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The Daily Wildcat

The Daily Wildcat

 

Arizona high school students aren’t graduating college ready

Courtesy+of+Eileen+KleinEileen+Klein%2C+president+of+the+Arizona+Board+of+Regents.

Courtesy of Eileen Klein

Eileen Klein, president of the Arizona Board of Regents.

Less than half of the seniors graduating from Arizona high schools meet the entrance requirements for the three major Arizona universities, according to a recent study done by the Arizona Board of Regents.

The study, published Sept. 17, used 2014 data to conclude that only 46.5 percent of seniors graduating from Arizona high schools meet all of the criteria set by Arizona schools.

As residents, students are only required to meet two standards — a GPA no lower than 2.50 and completion of 16 mandated competency courses with no more than two deficiencies. The only caveat is that the deficiencies cannot be in both math and science.

“We’re not asking our students to be straight-A, calculus-taking students when they come out of high school,” said Eileen Klein, president of the Arizona Board of Regents.

Klein said that the board is trying to target students who demonstrate a solid understanding of English, math, science, foreign languages and fine arts.

While Arizona universities are boasting the largest freshman classes in history, they are lagging behind in in-state numbers. Klein said that the board plans to post record numbers in 2015 in terms of the size, diversity and academic accomplishments of the freshman classes within Arizona.

“What we’re not seeing is record numbers of our Arizona students coming through and filling those seats in our classrooms. So, from a state economic development perspective I’m concerned about that,” Klein said. “We want our Arizona students to be, first and foremost, filling all the seats in our college classrooms.”

Despite the fact that enrollment in Arizona public schools has been steadily growing — graduation rates from Arizona high schools has increased by 4.1 percent since 2009 — the number of college-eligible graduates from Arizona high schools has held firmly below the 50-percent mark since the 1980s.

The entrance requirements noted in the board’s report make students who are in compliance with the standards automatically eligible to attend those schools. At the UA, the admissions department uses a comprehensive review process to evaluate the students who may not meet the automatic criteria.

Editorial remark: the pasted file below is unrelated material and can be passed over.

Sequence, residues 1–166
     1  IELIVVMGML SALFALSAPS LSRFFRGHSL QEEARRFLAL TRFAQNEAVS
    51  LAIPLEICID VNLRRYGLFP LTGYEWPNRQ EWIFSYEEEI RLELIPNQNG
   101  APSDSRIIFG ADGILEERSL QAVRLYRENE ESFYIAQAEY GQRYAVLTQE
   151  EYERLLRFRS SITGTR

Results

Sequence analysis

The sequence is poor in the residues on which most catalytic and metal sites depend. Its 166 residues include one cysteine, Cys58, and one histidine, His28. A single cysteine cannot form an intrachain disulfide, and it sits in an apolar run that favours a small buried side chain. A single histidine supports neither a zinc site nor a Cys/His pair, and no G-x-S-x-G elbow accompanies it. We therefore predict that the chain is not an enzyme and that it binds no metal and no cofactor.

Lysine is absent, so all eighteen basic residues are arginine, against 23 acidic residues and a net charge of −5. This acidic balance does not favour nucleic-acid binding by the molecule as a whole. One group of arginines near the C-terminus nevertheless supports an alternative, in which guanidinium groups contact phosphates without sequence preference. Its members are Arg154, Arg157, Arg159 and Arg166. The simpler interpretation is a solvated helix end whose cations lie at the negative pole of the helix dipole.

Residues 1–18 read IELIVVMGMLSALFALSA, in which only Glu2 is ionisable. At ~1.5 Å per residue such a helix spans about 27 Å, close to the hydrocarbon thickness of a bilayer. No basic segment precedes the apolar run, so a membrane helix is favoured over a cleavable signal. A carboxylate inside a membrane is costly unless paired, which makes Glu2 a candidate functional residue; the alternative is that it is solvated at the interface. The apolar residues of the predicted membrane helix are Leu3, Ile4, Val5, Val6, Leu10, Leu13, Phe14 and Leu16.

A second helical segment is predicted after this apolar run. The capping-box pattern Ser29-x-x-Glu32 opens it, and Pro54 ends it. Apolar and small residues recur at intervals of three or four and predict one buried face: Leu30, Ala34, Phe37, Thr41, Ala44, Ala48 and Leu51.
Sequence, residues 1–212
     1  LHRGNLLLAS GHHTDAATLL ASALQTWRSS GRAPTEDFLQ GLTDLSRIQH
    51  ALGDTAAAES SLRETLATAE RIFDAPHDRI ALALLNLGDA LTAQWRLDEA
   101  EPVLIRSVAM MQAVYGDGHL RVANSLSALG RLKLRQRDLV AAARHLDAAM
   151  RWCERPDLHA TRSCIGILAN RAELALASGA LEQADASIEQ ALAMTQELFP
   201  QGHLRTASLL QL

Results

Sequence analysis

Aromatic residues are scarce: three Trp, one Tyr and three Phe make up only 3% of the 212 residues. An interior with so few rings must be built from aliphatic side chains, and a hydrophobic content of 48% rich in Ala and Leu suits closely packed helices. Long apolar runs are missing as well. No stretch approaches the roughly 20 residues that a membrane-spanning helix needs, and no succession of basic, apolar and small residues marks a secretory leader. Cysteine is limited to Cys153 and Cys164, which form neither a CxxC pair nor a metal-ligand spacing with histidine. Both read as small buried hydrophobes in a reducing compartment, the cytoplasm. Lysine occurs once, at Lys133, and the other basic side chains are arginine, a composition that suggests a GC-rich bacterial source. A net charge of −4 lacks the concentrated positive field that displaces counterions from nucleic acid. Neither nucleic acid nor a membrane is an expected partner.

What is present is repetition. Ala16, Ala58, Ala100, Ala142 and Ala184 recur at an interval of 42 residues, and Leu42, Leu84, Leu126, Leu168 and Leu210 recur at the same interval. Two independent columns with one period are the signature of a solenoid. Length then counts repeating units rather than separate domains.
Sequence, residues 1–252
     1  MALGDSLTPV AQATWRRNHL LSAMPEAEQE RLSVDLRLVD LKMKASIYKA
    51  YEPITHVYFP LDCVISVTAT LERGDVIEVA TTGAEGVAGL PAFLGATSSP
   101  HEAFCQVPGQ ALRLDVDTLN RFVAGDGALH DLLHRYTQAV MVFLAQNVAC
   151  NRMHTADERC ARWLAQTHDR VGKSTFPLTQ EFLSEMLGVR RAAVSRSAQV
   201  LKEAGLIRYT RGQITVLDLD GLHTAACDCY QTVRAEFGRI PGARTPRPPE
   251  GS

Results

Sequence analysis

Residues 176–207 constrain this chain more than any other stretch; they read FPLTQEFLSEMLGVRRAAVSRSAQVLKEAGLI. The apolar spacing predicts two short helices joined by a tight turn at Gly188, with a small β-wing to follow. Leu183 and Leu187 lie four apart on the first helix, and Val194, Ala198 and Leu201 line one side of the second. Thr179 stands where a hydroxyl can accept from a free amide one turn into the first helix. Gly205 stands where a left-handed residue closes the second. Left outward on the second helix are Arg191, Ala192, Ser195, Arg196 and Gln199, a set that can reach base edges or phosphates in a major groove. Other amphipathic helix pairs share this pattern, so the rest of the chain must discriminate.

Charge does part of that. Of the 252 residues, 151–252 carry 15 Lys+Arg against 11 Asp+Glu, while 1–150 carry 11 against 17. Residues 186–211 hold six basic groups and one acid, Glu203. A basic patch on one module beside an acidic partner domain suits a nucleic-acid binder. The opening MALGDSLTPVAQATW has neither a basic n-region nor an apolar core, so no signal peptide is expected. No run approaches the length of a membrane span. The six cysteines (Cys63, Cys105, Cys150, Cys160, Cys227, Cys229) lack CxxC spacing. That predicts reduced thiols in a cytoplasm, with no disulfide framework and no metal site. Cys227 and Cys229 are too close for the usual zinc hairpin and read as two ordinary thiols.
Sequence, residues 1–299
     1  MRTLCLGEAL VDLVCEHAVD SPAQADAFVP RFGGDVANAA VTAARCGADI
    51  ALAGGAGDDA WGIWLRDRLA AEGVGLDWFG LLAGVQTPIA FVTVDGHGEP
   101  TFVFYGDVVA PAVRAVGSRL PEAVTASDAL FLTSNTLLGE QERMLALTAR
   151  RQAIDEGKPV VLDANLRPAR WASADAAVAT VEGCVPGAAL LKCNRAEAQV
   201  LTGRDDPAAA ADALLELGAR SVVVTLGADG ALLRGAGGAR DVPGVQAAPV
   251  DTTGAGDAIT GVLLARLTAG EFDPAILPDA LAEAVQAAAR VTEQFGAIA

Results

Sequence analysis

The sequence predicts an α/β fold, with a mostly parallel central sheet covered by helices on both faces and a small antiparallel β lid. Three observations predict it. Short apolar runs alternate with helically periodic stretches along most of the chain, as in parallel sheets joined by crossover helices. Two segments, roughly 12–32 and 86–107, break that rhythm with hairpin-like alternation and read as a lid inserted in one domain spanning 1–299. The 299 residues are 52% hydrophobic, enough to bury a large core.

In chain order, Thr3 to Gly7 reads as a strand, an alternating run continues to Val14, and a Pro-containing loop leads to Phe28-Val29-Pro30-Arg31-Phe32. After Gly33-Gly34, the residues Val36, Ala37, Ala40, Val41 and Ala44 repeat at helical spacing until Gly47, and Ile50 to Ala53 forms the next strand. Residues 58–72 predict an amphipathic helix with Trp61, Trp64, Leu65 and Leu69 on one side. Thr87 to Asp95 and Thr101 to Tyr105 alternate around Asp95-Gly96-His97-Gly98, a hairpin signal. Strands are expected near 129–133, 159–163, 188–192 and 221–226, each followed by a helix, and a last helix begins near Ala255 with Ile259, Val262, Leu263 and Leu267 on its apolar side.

The university’s comprehensive review process recognizes other aspects of an applicant’s merit aside from academic achievement. Two reviewers evaluate the student’s extracurricular activities, work experience and a number of other categories to determine whether the applicant is qualified to attend the university.

“If we believe a student will be successful here, we may admit,” said Kasey Urquidez, dean of Undergraduate Admissions. “It is our job to ensure we admit those who will be able to be successful at our university. … Our focus is on success. We never want to set someone up for failure.”

Since the publication of its report, the board has begun taking steps towards remedying Arizona’s low number of college-ready high school graduates.

During this week’s board of regents meeting at Northern Arizona University, Klein will recommend an attainment goal to the board on behalf of herself and the presidents of the state universities. The design would act in conjunction with Arizona’s private universities and community colleges to drive Arizona students toward a post-secondary education — a goal that Klein said she believes all post-secondary education institutions in the state can get on board with.

“I think it’s important that students have as many options available to them as possible,” Klein said, referring to growing enrollment numbers at private universities and community colleges, “but we all need to make sure that we are pulling in the same direction — and that is around helping to make sure that our students are prepared, and that we are helping them to get to and then through college.”

While she was not able to go in to further detail at this time, improved cooperation and alignment throughout Arizona’s education pipeline was a point that Klein continued to visit. Many of the initiatives she outlined addressed improving cooperation between the various parties in Arizona’s de-centralized education system.

Klein and the board of regents will further address the study and how they intend on improving upon the issues during this week’s board meeting in Flagstaff.


Follow Sam Gross on Twitter.


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